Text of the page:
Tuesday, April 24, 2012

From Studs Terkel's "Working: The Uncut Edition"

I figured out pretty quick that I didn't have the goods to be any kind of a proper accountant, despite pissing away God knows how much money on what some fools would call an education. Maybe, actually, I should have said 'real accountant.' I lacked the discipline and the attention (and, frankly, the intelligence or interest) to make it at any of the big firms --or, for that matter, any of the small firms, at least the legitimate ones. I couldn't handle the hours or the office bureaucracy, and the math just seemed to get more complicated all the time. Every couple months or so somebody was dumping some fat book full of new regulations on my desk, and I couldn't make head  nor tails of any of it. When you shove numbers around for a living, after a certain point they stop adding up. That's been my experience, at any rate.

I don't know what I was thinking, to be honest with you. If I think hard enough I guess I could blame it on a lazy high school guidance counselor, a guy who probably just pulled the suggestion out of his ass without any real consideration of aptitude. I can still picture the old troll, hair coming out of his ears and a can of Diet Shasta perched on his belly as he sat behind his desk peering over his spectacles at me like I was a chess move. He was clearly just waiting for somebody to tell him he could finally hang it up and go home to die in his La-Z-Boy.

After I got laid off --okay, fired-- from my first job out of college I was unemployed for a long time. I choose to blame it on the economy even though I know damn well that things were booming then. At one point during this period of extreme indolence I went to see a career counselor, who actually did go to the trouble of giving me some kind of aptitude test. The problem was --and I'm not shitting you-- the woman told me the results indicated that I'd probably be happiest in "some kind of itinerant trade." What does that mean? I asked her.

"Oh, you know," she said, "something like a truck driver or carnival worker."

Let me assure you: that's exactly the sort of encouraging thing you want to hear when you're twenty-six years old and absolutely clueless about what your next step in life is going to be.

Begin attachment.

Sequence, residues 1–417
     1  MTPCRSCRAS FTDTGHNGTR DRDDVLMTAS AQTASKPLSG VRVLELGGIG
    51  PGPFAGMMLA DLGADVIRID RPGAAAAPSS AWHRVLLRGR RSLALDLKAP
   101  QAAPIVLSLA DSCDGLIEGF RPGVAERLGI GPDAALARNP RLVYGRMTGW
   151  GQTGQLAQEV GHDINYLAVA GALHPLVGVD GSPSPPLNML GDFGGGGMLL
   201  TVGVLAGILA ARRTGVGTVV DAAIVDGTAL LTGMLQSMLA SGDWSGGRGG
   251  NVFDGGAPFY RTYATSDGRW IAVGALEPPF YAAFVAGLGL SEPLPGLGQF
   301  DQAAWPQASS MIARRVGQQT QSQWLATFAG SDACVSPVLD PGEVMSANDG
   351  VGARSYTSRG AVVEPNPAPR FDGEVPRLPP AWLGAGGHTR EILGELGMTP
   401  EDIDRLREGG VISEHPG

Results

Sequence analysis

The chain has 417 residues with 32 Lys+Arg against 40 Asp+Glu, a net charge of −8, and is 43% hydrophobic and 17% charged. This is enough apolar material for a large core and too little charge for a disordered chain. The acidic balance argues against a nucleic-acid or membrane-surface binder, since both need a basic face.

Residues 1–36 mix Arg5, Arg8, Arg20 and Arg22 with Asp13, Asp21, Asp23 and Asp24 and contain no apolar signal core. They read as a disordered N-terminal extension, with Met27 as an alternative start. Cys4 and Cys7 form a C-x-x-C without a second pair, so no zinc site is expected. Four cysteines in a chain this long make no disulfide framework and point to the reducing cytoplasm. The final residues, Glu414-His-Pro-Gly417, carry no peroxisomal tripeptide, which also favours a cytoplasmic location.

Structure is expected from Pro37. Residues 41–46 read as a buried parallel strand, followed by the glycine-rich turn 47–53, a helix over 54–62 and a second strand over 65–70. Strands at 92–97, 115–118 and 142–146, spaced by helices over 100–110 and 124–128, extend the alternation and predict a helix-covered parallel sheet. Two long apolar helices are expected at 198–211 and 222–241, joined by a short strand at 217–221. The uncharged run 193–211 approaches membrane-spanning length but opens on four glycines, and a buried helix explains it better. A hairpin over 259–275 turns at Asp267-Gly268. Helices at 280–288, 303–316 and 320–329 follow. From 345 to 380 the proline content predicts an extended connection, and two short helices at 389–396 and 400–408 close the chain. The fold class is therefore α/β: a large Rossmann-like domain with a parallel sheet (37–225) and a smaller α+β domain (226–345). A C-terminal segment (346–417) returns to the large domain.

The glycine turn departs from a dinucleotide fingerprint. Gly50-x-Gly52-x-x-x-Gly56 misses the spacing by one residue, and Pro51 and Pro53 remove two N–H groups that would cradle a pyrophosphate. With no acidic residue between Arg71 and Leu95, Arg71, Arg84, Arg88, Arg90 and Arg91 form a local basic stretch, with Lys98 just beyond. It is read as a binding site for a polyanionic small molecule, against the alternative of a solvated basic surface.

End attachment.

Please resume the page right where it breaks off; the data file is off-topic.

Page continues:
Out of pure laziness I ended up taking a series of temporary accounting gigs, generally as a tax preparer for one of these joints that gives people an advance on their returns in exchange for some ridiculous piece of the action. The last several years I worked for this outfit that did your taxes while you wait. Our customers were almost all service sector employees, students, and poor people.

Two years ago they started making us wear Uncle Sam costumes while we did people's taxes. It was a brutal, ridiculous gig, but I was desperate, and I'd pretty much parted ways with my dignity years ago.

The guy who owned this racket had like fifty of these places, and he'd rake in the cash for three months of the year and then spend the rest of his time on a boat in Miami banging escorts.

The final straw came this year, when I showed up for work and discovered that everyday one of us --the fucking tax preparers, for God's sake-- would have to go out front in our Uncle Sam costumes with a sandwich board and wander up and down the sidewalk trying to drum up business. There was a rotating schedule and I got stuck out there skulking around like a jackass the very first day. It was cold and drizzly, and people --go figure-- would shout insults and throw shit like hamburgers at me.

When it came time for my lunch break I ditched the sandwich board in an alley behind the Super America and walked the three miles home in the Uncle Sam outfit. I've got the damn thing for sale on eBay this very moment. It's a pretty elaborate get-up, and with any luck I figure I might get a hundred bucks out of the deal.

Then I'm thinking I'll start looking around for something in the itinerant trades.

1 comment:

  1. Excellent. Love the "When you shove numbers around for a living, after a certain point they stop adding up." and "... he sat behind his desk peering over his spectacles at me like I was a chess move."